Friday, November 8, 2019

Hong Kong mourns again 
"Rest on the other shore and wait for our good news.”

Back on June 15th, Hong Kong's most unpopular Chief Executive in its short history as a Special Administrative Region of the People's Republic of China announced the suspension, but not withdrawal, of the hated extradition bill whose very proposal sparked off the months and months of unrest that Hong Kong has been beset by.  That same day (which happened to be the day before the largest ever protest march Hong Kong has ever seen), a 35-year-old protester plunged to his death at Admiralty -- and while it is not certain to this day if his death was accidental or a suicide, it is commonly accepted that he gave his life to the anti-extradition bill cause.

Amidst the reports of "the first anti-government protester death in Hong Kong", there were those who tried to suggest ways to write about it in ways that didn't make it sound like more anti-government protester deaths would be inevitable.  The longer the protests have gone on though, the sad fact of the matter is that other protester losses of life have become reality; with a number of (other) suicides coming amidst a noticeable growing mental health crisis in the territory.

At some point during the summer though, the fear of more protester suicides was supplanted by the fear as well as suspicion that the Hong Kong police had killed people and were disguising some of these deaths in the form of suicides.  This was tied to the events that took place at Prince Edward MTR station on the night of August 31st (where it has come to be believed by many that deaths occured but have been covered up), and also the goings-on at San Uk Ling Holding Centre (from which have filtered out reports of detainees having been sexually abused and physically tortured in other ways). 

Then, after people started getting shot by police officers -- initially by bean bag rounds and rubber bullets, then by actual live rounds on Communist China's 70th birthday -- came fears that protesters (the vast majority of whom are unarmed) would be killed by the police.  Considering the amount of protesting that has been done in the past five months or so, it is a miracle of sorts that it has not happened until now.  Sadly, however, that "lucky" streak ended today: with the death this morning of Alex Chow Tsz-lok, a 22-year-old university student who died from injuries sustained on Monday night after he fell from height during a police clearance operation in Tseung Kwan O.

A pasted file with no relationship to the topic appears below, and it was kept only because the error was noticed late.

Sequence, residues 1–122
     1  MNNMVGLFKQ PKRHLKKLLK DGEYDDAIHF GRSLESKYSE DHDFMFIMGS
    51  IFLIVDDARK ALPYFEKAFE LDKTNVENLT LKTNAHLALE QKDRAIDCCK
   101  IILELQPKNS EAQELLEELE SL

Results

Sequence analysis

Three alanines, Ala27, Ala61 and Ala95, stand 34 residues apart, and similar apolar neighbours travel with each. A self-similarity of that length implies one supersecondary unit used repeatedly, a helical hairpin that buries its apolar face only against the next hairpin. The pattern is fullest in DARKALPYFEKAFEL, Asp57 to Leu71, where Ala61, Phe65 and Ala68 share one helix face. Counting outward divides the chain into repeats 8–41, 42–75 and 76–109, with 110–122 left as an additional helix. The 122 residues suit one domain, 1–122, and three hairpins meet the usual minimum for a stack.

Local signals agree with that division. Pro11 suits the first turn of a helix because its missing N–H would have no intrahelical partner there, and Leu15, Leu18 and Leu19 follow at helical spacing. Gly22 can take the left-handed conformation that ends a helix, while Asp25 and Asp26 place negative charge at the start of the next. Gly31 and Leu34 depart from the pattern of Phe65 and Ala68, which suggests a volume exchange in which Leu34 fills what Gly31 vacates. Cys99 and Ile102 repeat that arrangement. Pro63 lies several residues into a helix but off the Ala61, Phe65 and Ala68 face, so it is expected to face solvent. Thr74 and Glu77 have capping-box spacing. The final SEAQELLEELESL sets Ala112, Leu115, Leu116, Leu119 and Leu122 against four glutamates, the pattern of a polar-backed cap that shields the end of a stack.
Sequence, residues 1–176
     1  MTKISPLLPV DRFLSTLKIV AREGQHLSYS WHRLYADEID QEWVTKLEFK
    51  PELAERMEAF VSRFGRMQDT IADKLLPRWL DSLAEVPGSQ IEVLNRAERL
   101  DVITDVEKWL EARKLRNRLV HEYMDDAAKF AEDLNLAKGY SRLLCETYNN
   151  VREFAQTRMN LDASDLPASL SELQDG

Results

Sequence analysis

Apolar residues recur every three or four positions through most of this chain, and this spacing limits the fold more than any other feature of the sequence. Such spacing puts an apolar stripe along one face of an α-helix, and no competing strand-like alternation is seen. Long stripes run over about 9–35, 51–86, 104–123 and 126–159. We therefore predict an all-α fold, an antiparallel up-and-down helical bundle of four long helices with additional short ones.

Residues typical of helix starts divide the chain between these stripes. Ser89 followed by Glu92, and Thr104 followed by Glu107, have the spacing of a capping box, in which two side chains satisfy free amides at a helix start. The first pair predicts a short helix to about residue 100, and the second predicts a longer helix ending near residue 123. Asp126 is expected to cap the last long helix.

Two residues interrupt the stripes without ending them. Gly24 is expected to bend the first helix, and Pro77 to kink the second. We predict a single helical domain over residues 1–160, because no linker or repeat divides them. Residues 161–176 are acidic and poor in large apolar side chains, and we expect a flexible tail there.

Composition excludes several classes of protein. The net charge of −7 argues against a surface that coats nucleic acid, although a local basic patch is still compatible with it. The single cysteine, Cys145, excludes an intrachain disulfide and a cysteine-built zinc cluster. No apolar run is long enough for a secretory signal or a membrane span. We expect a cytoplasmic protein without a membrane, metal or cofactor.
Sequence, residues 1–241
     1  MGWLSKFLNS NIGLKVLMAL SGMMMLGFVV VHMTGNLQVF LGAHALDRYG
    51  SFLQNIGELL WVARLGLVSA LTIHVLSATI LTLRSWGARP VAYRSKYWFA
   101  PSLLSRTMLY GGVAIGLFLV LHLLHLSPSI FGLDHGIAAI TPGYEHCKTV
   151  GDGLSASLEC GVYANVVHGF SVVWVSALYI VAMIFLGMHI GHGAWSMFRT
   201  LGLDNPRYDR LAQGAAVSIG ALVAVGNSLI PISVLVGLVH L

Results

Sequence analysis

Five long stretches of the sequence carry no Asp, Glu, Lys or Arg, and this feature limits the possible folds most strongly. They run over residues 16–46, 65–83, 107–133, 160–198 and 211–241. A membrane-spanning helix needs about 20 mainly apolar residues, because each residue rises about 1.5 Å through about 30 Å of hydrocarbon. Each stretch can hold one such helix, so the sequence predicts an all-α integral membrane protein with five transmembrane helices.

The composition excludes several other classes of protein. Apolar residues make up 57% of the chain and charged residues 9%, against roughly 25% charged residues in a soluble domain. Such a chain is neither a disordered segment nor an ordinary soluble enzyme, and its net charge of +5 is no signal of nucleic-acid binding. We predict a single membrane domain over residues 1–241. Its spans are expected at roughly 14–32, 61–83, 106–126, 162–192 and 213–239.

The continued uncertainty over what caused him to fall -- with an early suggestion being that he was running away from tear gas fired by riot police being joined later by a suggestion that he had been trying to escape from pursuing riot police -- as well as accounts of the police having delayed the ambulance for him for up to 30 minutes absolutely do not help the situation.  But the probability is low indeed that any proper investigation will be conducted into the circumstances of Alex Chow's fall even though many observers are agreed that it should be carried out

Already this afternoon, protests have erupted in various parts of the territory in mourning of his death.  I fully expect this weekend to be similarly, if not more, protest-filled; with the spontaneity and emotional intensity of today's protests reminiscent of those that took place in the aftermath of the announcement of the Face Covering Regulation which caused a further escalation of protests and violence, the reverberations of which have continued into this month and week.  

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